God sacrifices himself to himself


I am talking of Krishna. The Gita runs thus

I am the act of sacrifice, the sacrifice of God and man. I am the sap of the plant, the words, the sacrificial butter and fire, and at the same time the victim.

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About makagutu

As Onyango Makagutu I am Kenyan, as far as I am a man, I am a citizen of the world

14 thoughts on “God sacrifices himself to himself

  1. “..he sacrificial butter and fire,..” Silliness! You butter the christian AFTER you cook it, not during the cooking process! You’ll waste butter that way.

    Liked by 2 people

  2. john zande says:

    sounds strangely familiar…

    Liked by 3 people

  3. renudepride says:

    Was this where the seven dwarfs started with the pilgrimage nude on horseback through the city of Coventry? So sorry…that’s a different fairy-tale altogether! I need to review my kindergarten syllabus! ๐Ÿ™‚ Forgive me, my Kenyan brother. I just got released from a very frivolous faculty luncheon and I’m feeling no pain! ๐Ÿ˜‰ Naked hugs!

    Liked by 1 person

  4. Swarn Gill says:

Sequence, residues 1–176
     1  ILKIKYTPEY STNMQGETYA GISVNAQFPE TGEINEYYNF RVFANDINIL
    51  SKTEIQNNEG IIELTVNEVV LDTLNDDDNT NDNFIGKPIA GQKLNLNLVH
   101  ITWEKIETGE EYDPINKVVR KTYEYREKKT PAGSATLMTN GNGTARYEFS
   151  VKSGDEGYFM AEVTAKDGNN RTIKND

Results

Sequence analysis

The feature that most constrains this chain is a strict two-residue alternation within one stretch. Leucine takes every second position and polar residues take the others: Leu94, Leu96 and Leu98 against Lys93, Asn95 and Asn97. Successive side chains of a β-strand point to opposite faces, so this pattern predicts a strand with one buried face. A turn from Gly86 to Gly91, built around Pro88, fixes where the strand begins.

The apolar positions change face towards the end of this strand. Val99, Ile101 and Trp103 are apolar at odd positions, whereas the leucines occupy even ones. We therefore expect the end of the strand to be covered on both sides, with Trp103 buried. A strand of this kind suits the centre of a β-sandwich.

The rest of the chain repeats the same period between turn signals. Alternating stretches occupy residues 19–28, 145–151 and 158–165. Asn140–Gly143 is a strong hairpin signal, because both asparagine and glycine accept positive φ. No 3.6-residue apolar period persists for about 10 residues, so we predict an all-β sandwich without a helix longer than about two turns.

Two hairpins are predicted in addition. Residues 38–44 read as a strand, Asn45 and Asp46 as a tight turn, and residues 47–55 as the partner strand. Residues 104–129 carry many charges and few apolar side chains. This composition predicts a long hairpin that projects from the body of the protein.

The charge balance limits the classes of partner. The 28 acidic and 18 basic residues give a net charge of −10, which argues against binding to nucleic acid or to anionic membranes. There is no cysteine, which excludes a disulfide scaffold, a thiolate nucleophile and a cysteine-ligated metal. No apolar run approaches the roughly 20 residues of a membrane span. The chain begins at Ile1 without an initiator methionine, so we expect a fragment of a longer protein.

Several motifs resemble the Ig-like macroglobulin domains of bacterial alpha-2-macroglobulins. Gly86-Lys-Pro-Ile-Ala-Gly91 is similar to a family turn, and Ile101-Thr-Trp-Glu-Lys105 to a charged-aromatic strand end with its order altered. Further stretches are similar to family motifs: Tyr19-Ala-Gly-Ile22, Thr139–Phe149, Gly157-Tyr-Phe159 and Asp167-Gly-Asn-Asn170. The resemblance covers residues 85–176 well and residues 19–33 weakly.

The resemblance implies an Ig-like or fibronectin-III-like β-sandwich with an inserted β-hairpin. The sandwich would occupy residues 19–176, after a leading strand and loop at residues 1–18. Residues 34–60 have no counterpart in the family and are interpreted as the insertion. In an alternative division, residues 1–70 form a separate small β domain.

I have the upanishads in my bathroom which I enjoy reading quite a bit when I’m in there for…ahem…business. lol

    It’s funny how we can sort of ignore eastern philosophy and culture, but then all of sudden it can become fad like and then people will see this lost wisdom in it and its the greatest thing ever. And there are parts of it that are I think important to read, but in the fad like mania what often gets glossed over is stuff like this passage. And there are tons of passages in the upanishads that just demonstrate they were completely lost about how certain things in the world worked and it’s complete nonsense. It’s interesting stuff though.

    Liked by 1 person

    • makagutu says:

      I think it depends.
      Schopenhauer found a lot of his inspiration from the east- the Vedas, Upanishads and all.
      But there is also the element of what is foreign becoming a fad, simply because it is foreign

      Liked by 2 people

      • Swarn Gill says:

        The frontier of science is unseen, so it’s not surprising that books about things unseen might inspire a scientist or philosopher. I read about the originators of quantum mechanics being inspired by the vedas and the upanishads. However, that of course doesn’t mean that the writers of those books new something about quantum mechanics. I would imagine that if you just took a sufficiently long books that philsophizes about the nature of the universe some things might connect in your mind to what you already know and propel you forward, regardless of when that book was written. I too find many interesting and insightful passages in the book, but I also find a lot nonsensical ones in equal weight. lol

        Like

  5. nothing new under the sun, especially religion.

    Liked by 1 person

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